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and i think we are at a point if we don't solve the problems in their could be something in most most consumers minds where it gives them a little bit of doubt and fear i heard about somebody getting sued i'm just not going to take the risk because if you think of somebody contributing a review they are actually being a public citizen, they are contributing and taking their valuable time. it's not going to help them. so if we have a collective climate of fear, people are nothing to be able to do it. >> but it does point out we are operating at the beginning of this problem it seems to me and therefore we are lacking good decision support on the size and scope of the problem. speaking of that, does anybody on the panel know primarily whether the use clauses are being employed by small or large enterprises? because it seems to me that is a pretty important question and i would imagine that the reputational risk of a big
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national or international brand would probably cause bigger companies not to utilize these provide private way to know whether some of the bigger companies are using them. does anybody know? >> i don't think that trip advisor sees any evidence one way or another small businesses up to potentially large businesses want to in effect to distort consumer opinions online by getting negative reviews withheld. >> let me move on to the way tripadvisor works. you have a pop-up that warns consumers if there's a particular hotel or travel company that has a non- disparagement clauses that correct? >> that's correct we put a red badge on the property warning consumers so that they can make
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an informed decision about whether to stay there knowing that there is a clause. >> how do you figure out whether they have a non- disparagement clause is that based on consumer complaints or do you have a process internally for -- i would imagine it's a resource question for you to have a team of lawyers scrubbing all of their individual contracts, so is it just based on if something pops up when you notify the public? >> it's based on consumers reporting to us and investigating and that speaks to any other reason why we need this legislation. we only see a small percentage of these contracts that may exist. some consumers may not notice it and maybe two people to report it and so widespread and banishment of the clauses is critical for all consumers. >> i think that is the important point with respect to whether or not the private sector and sort of internet-based solution and it seems to me that there is not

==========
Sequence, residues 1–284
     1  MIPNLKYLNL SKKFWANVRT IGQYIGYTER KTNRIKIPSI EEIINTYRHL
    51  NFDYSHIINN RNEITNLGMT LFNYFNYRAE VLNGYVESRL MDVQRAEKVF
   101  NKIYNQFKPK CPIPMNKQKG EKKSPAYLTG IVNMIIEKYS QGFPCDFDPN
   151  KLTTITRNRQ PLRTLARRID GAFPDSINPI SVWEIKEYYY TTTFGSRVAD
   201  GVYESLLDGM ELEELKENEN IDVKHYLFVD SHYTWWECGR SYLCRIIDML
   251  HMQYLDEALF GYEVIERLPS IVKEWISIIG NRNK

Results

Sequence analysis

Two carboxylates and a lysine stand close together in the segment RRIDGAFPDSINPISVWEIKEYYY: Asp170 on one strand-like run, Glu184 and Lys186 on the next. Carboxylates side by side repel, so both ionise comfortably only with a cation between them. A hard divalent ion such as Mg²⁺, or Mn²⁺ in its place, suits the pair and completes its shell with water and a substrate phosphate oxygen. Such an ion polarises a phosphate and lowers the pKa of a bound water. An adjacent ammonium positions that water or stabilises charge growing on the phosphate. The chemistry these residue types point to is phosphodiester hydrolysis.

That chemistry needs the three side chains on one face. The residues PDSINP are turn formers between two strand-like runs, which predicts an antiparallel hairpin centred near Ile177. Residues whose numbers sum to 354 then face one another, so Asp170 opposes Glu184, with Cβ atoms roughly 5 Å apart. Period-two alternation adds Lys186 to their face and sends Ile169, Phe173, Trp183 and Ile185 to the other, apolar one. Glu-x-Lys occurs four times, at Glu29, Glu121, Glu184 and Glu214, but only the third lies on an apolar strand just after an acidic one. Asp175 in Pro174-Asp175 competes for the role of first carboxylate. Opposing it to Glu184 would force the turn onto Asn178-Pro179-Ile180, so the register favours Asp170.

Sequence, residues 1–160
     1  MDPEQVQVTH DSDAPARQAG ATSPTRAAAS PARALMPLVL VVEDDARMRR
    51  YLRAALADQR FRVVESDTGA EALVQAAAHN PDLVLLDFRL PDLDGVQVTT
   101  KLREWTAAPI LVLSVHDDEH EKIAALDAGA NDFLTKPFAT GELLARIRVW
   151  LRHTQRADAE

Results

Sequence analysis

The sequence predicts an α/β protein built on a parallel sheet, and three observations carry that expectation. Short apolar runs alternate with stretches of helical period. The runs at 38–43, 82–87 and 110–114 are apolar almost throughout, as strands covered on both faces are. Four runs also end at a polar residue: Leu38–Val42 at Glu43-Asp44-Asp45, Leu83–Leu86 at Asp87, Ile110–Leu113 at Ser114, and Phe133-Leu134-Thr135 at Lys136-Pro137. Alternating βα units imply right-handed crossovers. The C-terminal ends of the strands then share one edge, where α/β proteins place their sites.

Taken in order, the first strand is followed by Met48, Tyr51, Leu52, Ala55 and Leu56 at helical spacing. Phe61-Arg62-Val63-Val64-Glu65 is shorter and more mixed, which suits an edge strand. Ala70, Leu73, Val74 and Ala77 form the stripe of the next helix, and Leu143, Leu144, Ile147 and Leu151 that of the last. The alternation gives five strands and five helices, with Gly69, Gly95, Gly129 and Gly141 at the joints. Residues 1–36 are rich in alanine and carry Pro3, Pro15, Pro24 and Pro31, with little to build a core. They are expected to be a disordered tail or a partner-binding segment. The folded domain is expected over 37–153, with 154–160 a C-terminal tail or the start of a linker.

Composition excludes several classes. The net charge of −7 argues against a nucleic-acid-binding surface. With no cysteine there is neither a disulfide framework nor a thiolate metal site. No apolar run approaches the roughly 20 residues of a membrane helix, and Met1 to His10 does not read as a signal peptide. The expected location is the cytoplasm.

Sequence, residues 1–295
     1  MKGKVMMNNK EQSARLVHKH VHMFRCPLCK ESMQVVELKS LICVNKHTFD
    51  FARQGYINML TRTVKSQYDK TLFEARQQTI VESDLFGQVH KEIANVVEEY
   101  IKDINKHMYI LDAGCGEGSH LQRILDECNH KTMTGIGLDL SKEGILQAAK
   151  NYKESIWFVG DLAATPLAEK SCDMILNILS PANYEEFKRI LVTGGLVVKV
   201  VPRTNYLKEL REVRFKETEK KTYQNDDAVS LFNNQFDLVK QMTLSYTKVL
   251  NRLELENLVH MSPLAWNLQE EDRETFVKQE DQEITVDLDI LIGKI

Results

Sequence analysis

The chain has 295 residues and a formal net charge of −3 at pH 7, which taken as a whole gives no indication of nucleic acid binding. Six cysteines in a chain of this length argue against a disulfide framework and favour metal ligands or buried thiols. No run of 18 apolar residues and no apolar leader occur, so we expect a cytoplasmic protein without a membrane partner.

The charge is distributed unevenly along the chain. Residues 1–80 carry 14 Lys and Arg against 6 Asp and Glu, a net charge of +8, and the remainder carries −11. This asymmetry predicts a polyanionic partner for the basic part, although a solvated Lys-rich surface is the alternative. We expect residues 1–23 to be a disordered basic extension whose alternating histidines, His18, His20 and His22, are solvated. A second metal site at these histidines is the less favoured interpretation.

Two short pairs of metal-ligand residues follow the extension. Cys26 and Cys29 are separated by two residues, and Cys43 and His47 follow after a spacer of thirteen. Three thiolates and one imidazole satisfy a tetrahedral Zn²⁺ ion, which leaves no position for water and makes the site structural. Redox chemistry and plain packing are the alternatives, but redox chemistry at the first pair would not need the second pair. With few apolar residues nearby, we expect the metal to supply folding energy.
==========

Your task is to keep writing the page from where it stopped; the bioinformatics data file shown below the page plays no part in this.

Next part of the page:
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without any statute because you just can't make yelp or trip advisor or anybody else responsible for any company that may or may not be mentioned on your platform. >> i would wholeheartedly agree. it would be a game of whack a mole. >> thank you. senator. >> thank you mr. chairman. this is really an intriguing subject today. i spent a number of years with a cloud computing customer experience solution. we touched hundreds of thousands of millions of consumers and it's an overused cliché to suggest the customer is in charge. we all know that it's a cliché that people started waking up and also i think second feedback is a gift and i think it is insecure companies like bullies on the playground or insecure would have these